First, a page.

New Models, what's the downside to being transparent?

Discuss Spyderco's products and history.
Venerable Dawg
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New Models, what's the downside to being transparent?

Postby Venerable Dawg » Wed May 27, 2009 1:59 pm

In knifemaking, I appreciate Spyderco's attention to detail. I bet we all have. Little or no bladeplay for Byrd or Spyderco models. Innovation, . in the Spyderco line is outstanding. It's the contradiction between the product and the marketing of the product that becomes inescapable.

We have all seen customers experience anticipation for the new model arrival. And some go through the pain of losing an opportunity for knife they thought was still in production because they were late to the game. Question, why not just be transparent about roughly when/if new models are coming and/or if there are hold ups? For jujigatame's benefit, this is not tongue in cheek, but rather a straight question. You release new model information which can wet the appetites of many loyal spyderco customers and then hold back on basic information that would be useful for many Spyderco customers in making basic budgeting decisions. That's a marketing/corporate philosophy problem, not a production problem. If there is a production problem, you could adjust the arrival time frame without going into detail You make a quality product. And I hope that you can provide more information and be more transparent for new models in the future.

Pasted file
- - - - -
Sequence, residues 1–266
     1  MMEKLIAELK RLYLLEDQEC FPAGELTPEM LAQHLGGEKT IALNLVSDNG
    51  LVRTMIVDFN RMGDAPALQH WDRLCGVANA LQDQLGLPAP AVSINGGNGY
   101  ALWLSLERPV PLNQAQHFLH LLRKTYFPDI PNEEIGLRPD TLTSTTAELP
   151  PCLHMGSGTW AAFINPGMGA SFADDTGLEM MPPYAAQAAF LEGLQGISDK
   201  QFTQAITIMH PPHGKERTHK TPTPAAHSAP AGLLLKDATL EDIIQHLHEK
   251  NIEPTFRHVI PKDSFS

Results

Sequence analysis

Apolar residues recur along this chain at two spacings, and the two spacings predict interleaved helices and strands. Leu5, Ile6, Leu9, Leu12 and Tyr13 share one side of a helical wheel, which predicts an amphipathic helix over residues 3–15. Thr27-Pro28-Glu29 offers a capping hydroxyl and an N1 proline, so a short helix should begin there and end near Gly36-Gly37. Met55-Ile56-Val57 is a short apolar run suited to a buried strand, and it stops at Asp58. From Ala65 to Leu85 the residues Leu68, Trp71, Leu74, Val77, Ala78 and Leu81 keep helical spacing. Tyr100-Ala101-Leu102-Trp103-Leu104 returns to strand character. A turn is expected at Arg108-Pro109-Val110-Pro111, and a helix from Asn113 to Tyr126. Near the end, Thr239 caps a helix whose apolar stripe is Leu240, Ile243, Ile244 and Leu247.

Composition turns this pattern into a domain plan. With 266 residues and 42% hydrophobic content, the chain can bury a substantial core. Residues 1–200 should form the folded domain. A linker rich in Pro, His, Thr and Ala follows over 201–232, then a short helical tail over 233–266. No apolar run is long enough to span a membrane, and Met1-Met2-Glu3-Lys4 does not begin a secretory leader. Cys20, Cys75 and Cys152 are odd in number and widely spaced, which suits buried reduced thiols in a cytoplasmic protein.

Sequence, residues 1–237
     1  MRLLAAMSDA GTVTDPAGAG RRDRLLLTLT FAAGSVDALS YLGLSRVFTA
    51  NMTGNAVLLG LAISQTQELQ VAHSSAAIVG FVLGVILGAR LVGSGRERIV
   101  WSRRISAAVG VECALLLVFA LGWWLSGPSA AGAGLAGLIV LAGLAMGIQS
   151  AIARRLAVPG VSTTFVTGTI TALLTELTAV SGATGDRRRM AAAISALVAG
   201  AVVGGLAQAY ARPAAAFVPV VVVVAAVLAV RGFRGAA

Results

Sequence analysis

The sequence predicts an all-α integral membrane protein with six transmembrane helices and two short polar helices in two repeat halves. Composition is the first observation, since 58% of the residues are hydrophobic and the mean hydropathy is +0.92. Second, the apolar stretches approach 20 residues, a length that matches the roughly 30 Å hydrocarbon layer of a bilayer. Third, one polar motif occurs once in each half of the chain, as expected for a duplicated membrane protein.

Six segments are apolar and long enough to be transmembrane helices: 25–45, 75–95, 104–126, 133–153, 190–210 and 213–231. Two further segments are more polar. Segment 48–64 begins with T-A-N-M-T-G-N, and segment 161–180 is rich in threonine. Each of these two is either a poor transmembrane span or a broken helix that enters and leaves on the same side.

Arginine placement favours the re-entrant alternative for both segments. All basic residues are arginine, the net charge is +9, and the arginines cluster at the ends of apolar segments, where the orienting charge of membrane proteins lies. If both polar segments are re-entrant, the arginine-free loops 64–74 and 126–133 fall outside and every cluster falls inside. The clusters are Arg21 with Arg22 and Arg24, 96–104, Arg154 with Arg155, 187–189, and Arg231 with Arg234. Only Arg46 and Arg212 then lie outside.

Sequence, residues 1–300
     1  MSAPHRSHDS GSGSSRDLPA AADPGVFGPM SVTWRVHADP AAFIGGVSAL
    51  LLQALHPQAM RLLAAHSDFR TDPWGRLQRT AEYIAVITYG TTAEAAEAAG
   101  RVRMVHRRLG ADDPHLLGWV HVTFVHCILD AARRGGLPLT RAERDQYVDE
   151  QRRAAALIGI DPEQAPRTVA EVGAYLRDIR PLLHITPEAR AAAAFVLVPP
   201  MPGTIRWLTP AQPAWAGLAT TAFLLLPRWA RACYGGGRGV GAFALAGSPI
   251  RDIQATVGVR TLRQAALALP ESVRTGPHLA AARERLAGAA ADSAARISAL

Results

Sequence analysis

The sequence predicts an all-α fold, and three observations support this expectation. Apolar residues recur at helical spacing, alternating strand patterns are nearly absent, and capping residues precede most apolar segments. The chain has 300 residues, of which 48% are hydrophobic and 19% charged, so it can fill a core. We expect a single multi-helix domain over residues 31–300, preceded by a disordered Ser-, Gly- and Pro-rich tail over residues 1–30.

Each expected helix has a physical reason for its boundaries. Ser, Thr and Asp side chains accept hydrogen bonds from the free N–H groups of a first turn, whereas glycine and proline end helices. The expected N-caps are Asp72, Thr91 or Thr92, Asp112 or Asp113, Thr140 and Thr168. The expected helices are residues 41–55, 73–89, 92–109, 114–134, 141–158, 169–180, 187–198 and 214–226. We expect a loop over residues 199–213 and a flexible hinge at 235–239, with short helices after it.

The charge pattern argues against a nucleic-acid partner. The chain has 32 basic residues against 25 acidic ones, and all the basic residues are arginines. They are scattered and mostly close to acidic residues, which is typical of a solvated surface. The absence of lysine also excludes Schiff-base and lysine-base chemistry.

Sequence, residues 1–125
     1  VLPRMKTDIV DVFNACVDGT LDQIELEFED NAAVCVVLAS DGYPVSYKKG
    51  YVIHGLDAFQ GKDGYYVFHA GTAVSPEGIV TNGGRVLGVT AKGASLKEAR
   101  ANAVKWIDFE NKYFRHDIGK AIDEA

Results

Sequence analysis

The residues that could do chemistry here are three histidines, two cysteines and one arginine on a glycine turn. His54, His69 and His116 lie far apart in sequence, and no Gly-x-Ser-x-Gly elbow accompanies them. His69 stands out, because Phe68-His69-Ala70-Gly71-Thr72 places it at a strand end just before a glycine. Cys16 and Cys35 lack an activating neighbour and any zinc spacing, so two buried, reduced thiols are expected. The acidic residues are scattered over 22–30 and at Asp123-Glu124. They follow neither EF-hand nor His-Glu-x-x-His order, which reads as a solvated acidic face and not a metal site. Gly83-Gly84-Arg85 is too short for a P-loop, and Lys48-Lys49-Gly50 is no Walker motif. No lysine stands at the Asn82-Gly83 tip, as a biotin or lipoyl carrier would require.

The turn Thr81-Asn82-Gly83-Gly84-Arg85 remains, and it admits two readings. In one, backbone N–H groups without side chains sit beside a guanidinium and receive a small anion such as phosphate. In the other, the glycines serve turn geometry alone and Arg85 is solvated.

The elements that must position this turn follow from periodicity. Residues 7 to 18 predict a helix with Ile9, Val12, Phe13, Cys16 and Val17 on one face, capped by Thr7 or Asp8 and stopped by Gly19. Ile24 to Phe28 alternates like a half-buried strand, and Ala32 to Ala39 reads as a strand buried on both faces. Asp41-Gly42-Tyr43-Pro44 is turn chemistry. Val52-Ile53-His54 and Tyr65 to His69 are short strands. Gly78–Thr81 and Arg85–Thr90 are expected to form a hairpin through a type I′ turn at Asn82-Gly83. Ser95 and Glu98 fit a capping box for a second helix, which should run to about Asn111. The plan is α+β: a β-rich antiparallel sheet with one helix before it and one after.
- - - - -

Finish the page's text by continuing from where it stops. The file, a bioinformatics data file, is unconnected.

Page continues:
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markg
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Postby markg » Wed May 27, 2009 2:35 pm

As in most industries this is not really possible. Better to not tell exact dates then to have to go back and correct them later. Projects are never done on time.

Actually Spyderco is one of the best at telling you about new products. Take other companies for example. Benchmade gives info on new knives AFTER dealers are actually selling them!!! Then again, there is no disappointment with that method either. :)

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Postby catamount » Wed May 27, 2009 2:46 pm